Tougher regulations are needed to protect planes flying in the kind of icy conditions that possibly downed a Continental Connection flight in Clarence Center Thursday, federal safety officials have said, again and again, for more than a decade.
But the Federal Aviation Administration has never heeded the safety officials' repeated warnings that more needs to be done about the risks that ice can pose to propeller planes.
That's proved frustrating for the National Transportation Safety Board, which first recommended improved icing regulations in their "Most Wanted Transportation Safety Improvements" in 1997 and then added to those recommendations several times over the years.
"The pace of the FAA`s activities in response to these recommendations remains unacceptably slow, despite recent encouraging action," Steven Chealander, the safety board member who is currently in Buffalo to investigate the crash of Continental Flight 3407, told a Senate committee last April.
The Federal Aviation Administration, which would impose any new rules, conceded in April 2007 that icing poses "an insidious hazard to aircraft" and proposed measures for safer flying in icy conditions. Yet those measures have not yet been implemented.
"It takes a little while to get this stuff going," said Jim Peters, an FAA spokesman. "Rulemaking takes a period of time."
The safety board, however, has confronted the issue with a sense of urgency.
"The consequences of operating an airplane in icing conditions, without first having thoroughly demonstrated adequate handling/controlability characteristics in those conditions, are sufficiently severe that they warrant a thorough certification test program," Chealander said in his Senate testimony.
That program should include "application of revised standards to airplanes currently certificated for flight in icing conditions," he added.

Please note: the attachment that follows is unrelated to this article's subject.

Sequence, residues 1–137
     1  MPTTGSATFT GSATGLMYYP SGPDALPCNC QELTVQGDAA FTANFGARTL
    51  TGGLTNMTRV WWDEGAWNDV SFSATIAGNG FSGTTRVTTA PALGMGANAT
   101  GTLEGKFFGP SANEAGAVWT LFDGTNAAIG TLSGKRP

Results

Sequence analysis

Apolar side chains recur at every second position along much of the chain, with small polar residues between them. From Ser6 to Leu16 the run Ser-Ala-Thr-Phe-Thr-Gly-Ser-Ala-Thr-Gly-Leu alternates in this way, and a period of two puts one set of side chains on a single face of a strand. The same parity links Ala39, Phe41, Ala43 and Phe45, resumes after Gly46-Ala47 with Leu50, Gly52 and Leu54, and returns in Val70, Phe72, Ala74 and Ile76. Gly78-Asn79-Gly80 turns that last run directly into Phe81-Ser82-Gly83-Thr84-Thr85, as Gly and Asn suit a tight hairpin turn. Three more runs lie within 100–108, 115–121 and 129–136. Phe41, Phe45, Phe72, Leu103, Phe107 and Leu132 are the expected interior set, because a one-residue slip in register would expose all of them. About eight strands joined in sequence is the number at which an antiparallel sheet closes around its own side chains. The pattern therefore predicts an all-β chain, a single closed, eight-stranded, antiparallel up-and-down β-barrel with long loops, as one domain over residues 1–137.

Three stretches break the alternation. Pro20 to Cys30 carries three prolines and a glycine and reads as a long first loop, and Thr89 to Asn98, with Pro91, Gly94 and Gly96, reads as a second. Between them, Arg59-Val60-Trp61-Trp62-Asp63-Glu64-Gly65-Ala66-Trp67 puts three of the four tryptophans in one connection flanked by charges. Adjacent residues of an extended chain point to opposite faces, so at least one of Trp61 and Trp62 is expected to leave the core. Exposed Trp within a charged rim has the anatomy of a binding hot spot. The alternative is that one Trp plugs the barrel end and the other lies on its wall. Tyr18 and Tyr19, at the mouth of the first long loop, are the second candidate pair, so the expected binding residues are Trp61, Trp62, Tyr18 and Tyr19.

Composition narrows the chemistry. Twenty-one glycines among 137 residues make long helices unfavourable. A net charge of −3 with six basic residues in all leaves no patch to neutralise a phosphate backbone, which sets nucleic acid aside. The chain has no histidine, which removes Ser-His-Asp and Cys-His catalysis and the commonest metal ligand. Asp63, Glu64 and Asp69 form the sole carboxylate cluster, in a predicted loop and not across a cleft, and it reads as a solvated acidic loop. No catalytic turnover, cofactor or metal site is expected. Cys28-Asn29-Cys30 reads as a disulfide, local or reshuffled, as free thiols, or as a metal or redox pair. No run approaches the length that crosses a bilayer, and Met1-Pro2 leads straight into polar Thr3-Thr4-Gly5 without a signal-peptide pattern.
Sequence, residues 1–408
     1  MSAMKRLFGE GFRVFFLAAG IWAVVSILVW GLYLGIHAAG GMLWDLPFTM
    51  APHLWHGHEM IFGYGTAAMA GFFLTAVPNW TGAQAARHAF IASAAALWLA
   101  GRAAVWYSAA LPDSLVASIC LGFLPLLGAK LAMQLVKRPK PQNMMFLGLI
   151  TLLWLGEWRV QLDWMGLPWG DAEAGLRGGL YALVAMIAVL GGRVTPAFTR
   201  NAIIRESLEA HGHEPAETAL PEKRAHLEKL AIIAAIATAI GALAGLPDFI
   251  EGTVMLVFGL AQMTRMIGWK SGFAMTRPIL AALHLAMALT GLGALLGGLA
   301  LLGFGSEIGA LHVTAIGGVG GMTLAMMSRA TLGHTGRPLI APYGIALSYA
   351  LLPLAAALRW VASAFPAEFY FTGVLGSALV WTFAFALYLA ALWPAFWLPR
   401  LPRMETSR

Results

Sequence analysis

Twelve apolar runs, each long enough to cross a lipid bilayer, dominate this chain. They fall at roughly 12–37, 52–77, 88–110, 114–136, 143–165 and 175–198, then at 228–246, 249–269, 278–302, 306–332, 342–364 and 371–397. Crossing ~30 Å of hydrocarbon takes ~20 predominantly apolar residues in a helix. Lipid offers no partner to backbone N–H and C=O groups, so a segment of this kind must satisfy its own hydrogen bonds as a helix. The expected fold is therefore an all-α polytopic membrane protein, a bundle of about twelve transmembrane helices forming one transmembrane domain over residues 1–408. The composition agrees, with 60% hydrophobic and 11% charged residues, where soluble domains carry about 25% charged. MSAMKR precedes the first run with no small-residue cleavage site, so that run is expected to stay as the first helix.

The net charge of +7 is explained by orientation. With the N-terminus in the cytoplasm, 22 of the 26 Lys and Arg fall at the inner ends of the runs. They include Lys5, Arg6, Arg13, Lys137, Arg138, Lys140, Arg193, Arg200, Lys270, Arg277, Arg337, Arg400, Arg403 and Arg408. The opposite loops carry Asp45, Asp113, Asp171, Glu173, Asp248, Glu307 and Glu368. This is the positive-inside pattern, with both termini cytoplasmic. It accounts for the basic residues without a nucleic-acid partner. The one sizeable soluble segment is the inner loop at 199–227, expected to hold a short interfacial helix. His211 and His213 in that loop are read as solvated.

And in congressional testimony in June 2007, safety board Chairman Mark V. Rosenker put things more bluntly.
"Before another accident or serious incident occurs, the FAA should evaluate all existing turbo-propeller driven airplanes in service using the new information available, such as critical ice shapes and stall warning margins in icing conditions," Rosenker said.
While Rosenker said at the time that he thought the FAA was delaying action because it had been years since icing had appeared to play a role in a major crash, Peters insisted the FAA has not been ignoring the issue.
He pointed to an agency advisory noting more than 100 airworthiness directives instituted since 1994 to address icing issues on more than 50 aircraft types. The orders range from crew operating procedures in the icing environment to direct design changes.
"We also have changed airplane flight manuals and other operating documents to address icing safety," the advisory said, "and issued bulletins and alerts to operators emphasizing icing safety issues."
Peters said the agency is required to put new rules "out for comment" after their initial development, often delaying implementation. But he said he was unable to determine if the three new rules the FAA proposed 22 months ago have taken an extraordinary amount of time to be implemented.
The FAA noted in 2007 that its regulations do not require a way to warn pilots of ice buildup. It proposed requiring an effective way to detect ice buildup or let pilots know that icing conditions exist, and produce timely activation of the ice protection system.
The proposed rule would mandate one of three methods to detect icing and activate the ice protection system:
An ice detection system that automatically activates or alerts pilots to implement the ice protection system.
A definition of visual signs of ice buildup on a specified surface (windshield wiper post or wings) combined with a system that alerts pilots to activate the ice protection system.
Identification of temperature and moisture conditions causing airframe icing that would tip off pilots to activate the ice protection system.
The advisory further notes that on Aug. 8, the FAA published a final rule introducing new standards for icing conditions that improve safety for new airplane designs. But that falls far short of what the NTSB has been calling for since its probe of a 1994 crash of a turbo-prop aircraft in Roselawn, Ind., that killed 68 people.
Noting that the FAA has delivered an "unacceptable response" to four of the safety board's icing recommendations since 1997, the safety board said on its Web site: "The Federal Aviation Administration has not adopted a systematic and proactive approach to the certification and operational issues of turbine-engine-driven, transport-category airplane icing."
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